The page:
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Stumbled across this fascinating dissertation by Farnoosh (‘Faith’) Nouri, titled “Electromagnetic aftereffects of near-death experiences“:

The purpose of this quantitative study was first to investigate the comparative incidence of electromagnetic aftereffects (EMEs) during the past year among near-death experiencers (NDErs), people who experienced a close brush with death without an NDE (CBrs), and people who reported never having experienced a close brush with death (LCErs). The second purpose was to investigate a possible change in EME incidence among the three groups before and after a critical life event. The third purpose was to investigate the relationship between the reported overall depth and specific components of the subjective experiences of people who have had a close brush with death–NDErs and CBrs–and their reported incidence of EMEs.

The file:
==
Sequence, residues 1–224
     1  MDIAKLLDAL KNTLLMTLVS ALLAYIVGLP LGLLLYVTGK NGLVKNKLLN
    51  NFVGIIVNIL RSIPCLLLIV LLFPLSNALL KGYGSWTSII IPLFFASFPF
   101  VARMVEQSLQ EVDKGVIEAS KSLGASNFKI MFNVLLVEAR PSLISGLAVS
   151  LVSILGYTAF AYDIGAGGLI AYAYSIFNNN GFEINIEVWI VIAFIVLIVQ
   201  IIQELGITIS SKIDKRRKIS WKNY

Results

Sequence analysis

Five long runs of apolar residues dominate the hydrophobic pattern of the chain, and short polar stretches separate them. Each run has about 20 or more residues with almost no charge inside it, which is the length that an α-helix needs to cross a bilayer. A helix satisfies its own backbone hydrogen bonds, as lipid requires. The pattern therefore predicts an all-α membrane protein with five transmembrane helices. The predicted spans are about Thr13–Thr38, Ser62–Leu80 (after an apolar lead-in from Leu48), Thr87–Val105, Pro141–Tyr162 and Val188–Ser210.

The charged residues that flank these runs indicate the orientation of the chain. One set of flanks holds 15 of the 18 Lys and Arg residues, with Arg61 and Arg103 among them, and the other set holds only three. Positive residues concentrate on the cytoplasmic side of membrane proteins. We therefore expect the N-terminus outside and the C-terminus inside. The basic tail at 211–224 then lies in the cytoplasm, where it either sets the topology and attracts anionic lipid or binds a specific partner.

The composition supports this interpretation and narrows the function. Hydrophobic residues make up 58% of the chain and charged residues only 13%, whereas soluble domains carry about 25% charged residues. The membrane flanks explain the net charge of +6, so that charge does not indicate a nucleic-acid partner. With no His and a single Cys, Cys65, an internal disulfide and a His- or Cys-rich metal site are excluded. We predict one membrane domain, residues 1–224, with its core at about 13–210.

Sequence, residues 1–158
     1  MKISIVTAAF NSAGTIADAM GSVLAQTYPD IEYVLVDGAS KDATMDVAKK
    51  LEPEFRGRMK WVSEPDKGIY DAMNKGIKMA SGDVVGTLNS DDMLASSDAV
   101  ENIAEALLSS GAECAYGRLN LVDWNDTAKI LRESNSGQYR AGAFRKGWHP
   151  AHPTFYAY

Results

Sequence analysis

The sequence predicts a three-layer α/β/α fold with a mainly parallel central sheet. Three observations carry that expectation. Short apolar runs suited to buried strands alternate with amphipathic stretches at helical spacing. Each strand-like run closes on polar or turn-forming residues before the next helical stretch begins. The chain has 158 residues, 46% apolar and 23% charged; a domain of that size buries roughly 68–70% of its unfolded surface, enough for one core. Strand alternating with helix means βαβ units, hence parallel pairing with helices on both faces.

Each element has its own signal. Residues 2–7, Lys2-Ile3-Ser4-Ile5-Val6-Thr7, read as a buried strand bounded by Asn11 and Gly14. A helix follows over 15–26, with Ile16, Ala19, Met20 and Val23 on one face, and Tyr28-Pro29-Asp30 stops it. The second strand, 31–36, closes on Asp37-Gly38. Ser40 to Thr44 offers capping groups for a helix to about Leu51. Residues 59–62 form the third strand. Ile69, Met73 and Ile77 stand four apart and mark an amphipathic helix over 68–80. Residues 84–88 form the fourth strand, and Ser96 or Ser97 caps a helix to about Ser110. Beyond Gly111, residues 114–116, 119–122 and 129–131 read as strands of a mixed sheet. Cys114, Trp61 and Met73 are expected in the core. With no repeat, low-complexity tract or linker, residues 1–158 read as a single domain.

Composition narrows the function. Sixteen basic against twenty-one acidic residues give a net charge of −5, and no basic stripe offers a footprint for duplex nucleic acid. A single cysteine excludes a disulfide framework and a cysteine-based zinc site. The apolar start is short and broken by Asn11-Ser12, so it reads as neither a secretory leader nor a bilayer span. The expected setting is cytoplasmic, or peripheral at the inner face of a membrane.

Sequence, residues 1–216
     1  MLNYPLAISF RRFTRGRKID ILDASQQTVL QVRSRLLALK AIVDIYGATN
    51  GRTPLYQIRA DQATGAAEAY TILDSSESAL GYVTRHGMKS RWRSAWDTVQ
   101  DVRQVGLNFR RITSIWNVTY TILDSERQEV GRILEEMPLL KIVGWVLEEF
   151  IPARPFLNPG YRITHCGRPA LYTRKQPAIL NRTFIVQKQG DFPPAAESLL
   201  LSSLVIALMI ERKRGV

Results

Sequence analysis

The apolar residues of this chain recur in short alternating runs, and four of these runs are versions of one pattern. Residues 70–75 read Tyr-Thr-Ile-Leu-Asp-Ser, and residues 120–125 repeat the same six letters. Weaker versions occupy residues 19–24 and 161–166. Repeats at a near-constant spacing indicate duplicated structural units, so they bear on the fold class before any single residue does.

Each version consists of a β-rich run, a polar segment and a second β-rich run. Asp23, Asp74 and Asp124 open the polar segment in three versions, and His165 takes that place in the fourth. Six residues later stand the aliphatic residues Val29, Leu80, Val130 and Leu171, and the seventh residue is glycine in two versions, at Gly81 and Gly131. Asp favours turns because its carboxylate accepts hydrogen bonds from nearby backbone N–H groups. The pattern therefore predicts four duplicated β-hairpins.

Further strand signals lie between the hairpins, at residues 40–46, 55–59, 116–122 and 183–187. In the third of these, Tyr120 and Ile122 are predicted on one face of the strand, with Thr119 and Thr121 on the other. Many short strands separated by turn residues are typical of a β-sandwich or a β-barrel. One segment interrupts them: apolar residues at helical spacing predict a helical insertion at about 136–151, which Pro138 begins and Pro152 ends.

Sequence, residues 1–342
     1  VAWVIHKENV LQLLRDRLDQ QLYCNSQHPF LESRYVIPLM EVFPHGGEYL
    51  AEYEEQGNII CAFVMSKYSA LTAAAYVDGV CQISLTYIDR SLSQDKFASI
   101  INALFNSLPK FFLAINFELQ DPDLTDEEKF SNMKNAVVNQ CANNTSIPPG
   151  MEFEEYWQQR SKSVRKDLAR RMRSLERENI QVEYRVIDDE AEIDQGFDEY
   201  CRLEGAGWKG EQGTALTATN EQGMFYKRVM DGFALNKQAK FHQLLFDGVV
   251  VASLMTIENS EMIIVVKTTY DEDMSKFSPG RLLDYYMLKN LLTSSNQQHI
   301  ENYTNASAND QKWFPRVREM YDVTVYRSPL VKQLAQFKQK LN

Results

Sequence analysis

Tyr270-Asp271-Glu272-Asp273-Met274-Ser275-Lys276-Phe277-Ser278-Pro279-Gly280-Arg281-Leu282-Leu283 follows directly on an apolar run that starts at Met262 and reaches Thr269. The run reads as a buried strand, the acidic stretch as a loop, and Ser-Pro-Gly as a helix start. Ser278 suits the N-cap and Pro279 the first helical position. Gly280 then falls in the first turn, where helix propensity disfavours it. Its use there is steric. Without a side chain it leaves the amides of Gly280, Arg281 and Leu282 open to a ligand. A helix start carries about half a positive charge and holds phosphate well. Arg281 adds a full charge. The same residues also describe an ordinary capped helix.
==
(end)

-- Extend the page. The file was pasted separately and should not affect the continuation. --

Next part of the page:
…Findings from this study show that NDErs have a strong possibility of experiencing electromagnetic interferences when close to electromagnetic devices such as cell phones, computers, lights, and watches after their NDEs. This phenomenon can be a stressor in the lives of NDErs and their families and friends.

You can download the full dissertation as a PDF from here. Note that Nouri’s advisor on the dissertation was respected NDE researcher Janice Holden, past-President of the International Association of Near-Death Studies (IANDS), who I’d imagine would have provided some good insights and criticism on this particular topic.

Real effect, or just a crazy self-confirming idea that NDErs take to after their experience?